What Is a Surplus Spending Unit?

A surplus spending unit is an economic unit with income that is greater than or equal to expenditures on consumption throughout a period. A surplus spending unit earns more than it spends on its basic needs and therefore has money left over to invest into the economy through the form of purchasing goods, investing, or lending. A surplus spending unit can be a household, business, or any other entity that makes more than it spends for the purpose of sustaining itself.

The opposite of a surplus spending unit is a deficit spending unit, which spends more than it makes and has to borrow from surplus units to sustain itself. Once an entity is a surplus or deficit spending unit, it does not have to maintain that status forever. A deficit spending unit can become a surplus spending unit if it begins to generate additional income, covers its basic expenses, and pays off all of its own deficits from an earlier period.

Understanding Surplus Spending Units

A surplus spending unit earns more than it spends. Surplus spenders can be individuals, sectors, countries, or even a whole economy. When a surplus spending unit is an entire country, it can benefit the global economy by investing in and lending to deficit spending countries.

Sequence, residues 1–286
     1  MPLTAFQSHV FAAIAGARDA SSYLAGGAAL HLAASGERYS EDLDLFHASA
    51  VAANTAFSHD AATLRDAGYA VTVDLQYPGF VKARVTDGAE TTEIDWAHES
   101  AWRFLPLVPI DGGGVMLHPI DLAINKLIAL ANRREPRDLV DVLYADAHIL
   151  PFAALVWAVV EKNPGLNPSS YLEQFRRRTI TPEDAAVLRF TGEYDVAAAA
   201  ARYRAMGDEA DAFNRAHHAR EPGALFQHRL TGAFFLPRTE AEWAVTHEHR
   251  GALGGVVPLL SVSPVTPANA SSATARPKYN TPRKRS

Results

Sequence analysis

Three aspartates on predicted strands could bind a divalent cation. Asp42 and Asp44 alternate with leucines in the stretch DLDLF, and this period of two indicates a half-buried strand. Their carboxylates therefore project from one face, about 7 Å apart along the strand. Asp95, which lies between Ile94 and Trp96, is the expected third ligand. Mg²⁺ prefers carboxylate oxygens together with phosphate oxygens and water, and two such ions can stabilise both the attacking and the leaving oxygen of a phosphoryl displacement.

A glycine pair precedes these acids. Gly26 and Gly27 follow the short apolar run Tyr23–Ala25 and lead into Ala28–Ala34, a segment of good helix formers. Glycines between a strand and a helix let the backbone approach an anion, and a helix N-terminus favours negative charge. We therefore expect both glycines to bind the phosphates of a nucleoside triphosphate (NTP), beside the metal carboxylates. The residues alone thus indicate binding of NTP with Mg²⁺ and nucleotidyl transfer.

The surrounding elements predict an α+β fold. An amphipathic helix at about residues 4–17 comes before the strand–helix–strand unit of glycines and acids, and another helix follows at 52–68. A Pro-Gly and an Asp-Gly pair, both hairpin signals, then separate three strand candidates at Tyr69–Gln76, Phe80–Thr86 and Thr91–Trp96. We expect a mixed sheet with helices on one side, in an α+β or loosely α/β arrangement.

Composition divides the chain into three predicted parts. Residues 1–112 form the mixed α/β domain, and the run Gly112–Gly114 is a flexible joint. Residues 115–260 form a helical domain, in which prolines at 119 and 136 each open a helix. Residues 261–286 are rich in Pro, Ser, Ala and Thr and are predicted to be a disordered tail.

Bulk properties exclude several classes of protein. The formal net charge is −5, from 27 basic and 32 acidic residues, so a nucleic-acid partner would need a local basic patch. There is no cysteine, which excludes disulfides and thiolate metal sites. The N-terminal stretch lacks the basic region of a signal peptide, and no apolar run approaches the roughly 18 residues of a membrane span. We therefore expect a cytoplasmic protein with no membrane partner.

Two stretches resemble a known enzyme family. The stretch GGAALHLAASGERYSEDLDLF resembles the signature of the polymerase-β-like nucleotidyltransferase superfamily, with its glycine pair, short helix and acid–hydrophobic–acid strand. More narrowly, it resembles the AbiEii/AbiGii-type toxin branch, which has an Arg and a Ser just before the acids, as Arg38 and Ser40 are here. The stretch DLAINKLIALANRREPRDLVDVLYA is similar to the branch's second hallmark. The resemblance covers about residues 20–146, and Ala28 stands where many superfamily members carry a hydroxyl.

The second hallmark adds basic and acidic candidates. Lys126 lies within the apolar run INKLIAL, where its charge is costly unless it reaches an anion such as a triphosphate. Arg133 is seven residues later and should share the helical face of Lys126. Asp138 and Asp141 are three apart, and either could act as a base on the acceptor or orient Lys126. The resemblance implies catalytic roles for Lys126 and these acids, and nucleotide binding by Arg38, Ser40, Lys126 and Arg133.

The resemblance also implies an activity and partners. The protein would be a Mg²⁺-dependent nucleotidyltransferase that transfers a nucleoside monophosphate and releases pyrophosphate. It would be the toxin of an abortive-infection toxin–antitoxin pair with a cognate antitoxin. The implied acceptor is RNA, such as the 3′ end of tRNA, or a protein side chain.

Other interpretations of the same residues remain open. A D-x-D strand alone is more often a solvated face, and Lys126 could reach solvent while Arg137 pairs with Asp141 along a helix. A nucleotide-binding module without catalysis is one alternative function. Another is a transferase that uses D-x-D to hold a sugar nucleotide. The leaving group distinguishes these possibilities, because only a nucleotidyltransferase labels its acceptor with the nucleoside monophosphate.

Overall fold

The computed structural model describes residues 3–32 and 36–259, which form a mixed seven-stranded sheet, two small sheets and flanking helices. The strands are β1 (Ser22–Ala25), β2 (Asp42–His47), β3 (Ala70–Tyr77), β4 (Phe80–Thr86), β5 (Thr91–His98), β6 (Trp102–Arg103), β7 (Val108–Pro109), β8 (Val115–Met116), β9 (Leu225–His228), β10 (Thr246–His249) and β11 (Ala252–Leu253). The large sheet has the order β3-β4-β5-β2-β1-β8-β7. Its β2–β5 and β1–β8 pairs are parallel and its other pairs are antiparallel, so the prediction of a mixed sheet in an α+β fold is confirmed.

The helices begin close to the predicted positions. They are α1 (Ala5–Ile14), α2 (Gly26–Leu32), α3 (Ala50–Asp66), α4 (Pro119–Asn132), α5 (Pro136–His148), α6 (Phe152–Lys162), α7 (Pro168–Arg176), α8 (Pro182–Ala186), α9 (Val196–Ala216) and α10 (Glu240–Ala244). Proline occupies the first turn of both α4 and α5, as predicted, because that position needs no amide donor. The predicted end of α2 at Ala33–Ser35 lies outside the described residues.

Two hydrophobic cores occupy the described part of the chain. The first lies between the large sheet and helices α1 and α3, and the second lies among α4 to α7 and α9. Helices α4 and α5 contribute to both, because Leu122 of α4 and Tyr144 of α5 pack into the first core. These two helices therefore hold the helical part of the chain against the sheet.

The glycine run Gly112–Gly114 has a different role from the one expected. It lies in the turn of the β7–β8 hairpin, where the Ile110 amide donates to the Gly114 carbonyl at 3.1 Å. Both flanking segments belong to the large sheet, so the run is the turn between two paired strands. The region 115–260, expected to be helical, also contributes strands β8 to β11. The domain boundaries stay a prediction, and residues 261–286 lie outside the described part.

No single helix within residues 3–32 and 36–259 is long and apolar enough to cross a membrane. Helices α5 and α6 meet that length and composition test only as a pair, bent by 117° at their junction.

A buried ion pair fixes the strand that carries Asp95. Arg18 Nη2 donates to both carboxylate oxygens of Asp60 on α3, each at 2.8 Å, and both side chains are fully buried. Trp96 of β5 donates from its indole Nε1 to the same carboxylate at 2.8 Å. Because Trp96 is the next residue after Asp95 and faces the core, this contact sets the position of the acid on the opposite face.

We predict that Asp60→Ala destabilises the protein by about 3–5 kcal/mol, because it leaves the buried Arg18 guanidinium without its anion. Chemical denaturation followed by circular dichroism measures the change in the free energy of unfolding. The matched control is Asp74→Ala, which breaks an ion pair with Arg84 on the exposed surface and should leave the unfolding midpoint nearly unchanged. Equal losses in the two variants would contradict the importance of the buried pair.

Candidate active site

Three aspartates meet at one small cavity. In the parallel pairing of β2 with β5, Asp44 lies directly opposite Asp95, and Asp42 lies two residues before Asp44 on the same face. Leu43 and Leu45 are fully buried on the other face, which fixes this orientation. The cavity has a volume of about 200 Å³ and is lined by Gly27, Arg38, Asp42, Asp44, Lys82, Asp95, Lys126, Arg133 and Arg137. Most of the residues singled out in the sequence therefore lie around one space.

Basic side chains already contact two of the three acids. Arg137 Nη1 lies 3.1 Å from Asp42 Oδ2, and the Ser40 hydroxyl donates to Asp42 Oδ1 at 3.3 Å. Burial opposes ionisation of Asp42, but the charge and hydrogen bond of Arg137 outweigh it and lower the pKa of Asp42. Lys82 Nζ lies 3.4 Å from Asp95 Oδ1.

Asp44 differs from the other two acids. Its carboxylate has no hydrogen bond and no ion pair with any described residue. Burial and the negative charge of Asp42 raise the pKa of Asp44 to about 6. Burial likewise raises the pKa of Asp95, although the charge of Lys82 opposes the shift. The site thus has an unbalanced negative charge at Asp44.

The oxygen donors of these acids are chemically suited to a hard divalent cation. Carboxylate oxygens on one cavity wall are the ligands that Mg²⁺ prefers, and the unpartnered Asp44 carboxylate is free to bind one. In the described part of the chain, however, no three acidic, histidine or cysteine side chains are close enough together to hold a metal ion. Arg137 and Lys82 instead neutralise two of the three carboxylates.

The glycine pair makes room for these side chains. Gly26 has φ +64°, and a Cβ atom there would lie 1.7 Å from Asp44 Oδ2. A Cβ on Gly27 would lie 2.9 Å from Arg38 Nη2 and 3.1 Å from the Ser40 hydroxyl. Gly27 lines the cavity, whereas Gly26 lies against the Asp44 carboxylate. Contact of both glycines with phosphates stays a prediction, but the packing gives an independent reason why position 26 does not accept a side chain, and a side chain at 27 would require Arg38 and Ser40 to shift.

In the U.S., households usually represent a surplus spending unit, as many households earn large portions of disposable income. Most households earn more income than necessary to purchase food, shelter, and other basic necessities. As a result, they can purchase additional consumer products, hold money in banks, or invest in the stock market. These purchases of consumer goods by households constitute a large portion of the U.S. economy, as approximately 70% of the U.S. Gross Domestic Product (GDP), every year is powered by consumer spending. Money that is held in banks by households forms the basis for loans that can be made to other households that look to borrow money.